"Forget marketing or keeping investors happy. A CEO's most important job is hiring the right people"

Briefing: Former LOVEFilM and Mothercare CEO Simon Calver.

by Adam Gale
Last Updated: 12 Mar 2020

We’ve got the likes of Steve Jobs and Elon Musk to thank for the popular notion that leadership is somehow an individual talent or character trait.

A chief executive's greatest asset, so this thinking goes, is their visionary quality, their relentless intolerance of mediocrity, or their ability to inspire: the implication is that you can put them anywhere and they will achieve greatness.

The truth is muddier. Leadership is complex and contextual, and in any case a leader’s greatest asset is usually the people they lead (it's certainly hard to get much done without them).

Perhaps when we’re looking at a leader, we should therefore give them some credit for their ability to pick the right people in the first place, explains Simon Calver, head of investments (ventures) at BGF, and former CEO of maternity chain Mothercare and early Netflix-rival LOVEFiLM. Here's what he's learned about getting it right.


"The easiest thing, especially when you’re the CEO of a start-up, is to focus on the marketing or keeping investors happy, but the most important thing you do as a leader is hiring the right people.

"When we started off at LOVEFiLM I spent around 30 per cent of my time recruiting, but if I hadn’t done that we wouldn’t have had the capacity to grow and scale the business.

"Sometimes if you’ve got a gap you need filling, it’s tempting to say that person will do, they’re good enough, they’re a warm body and we need to move on.  But you’ve got to ensure you keep the quality, values and behaviour bar high. Otherwise it ends up being a nightmare – I’ve made some mistakes, recruiting people who weren't right, and it set us back a long period.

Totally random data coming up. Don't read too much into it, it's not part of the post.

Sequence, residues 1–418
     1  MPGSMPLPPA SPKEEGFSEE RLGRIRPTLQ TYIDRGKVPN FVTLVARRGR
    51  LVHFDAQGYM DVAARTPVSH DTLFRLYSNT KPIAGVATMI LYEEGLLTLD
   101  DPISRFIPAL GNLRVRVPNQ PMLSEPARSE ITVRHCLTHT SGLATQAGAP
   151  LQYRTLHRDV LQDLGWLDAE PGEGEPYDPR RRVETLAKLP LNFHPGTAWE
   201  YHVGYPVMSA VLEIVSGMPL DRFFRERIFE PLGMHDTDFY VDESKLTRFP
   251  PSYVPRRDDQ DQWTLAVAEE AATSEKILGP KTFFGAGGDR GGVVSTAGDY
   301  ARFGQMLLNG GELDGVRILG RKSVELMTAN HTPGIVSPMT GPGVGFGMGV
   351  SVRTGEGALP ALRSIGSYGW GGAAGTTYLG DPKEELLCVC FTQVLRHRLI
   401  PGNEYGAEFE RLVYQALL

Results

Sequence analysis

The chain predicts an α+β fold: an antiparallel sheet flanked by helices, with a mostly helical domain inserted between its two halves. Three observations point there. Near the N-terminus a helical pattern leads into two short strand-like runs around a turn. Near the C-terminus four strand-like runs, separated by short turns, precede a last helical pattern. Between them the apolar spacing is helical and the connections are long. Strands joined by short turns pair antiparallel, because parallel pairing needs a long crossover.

"About two-thirds of my hires have come through introductions, not recruitment people, which means your network and recommendations are very important. You should always ask people when you meet them who’s the best talent you’ve come across or who can help most on this particular issue.

"The other thing to remember is that there’s always a risk that new people won’t fit the culture or your values, which is why you’ve got to do what they used to call the long-haul flight test. What are they like to spend time with? If you left them in a room with your most important customers or friends, what message would they send?

"Finally, if you do get it wrong, take action swiftly rather than hoping things will get better, because invariably they never do, and if you don’t it will undermine everyone else’s confidence in your leadership."

Image courtesy of BGF

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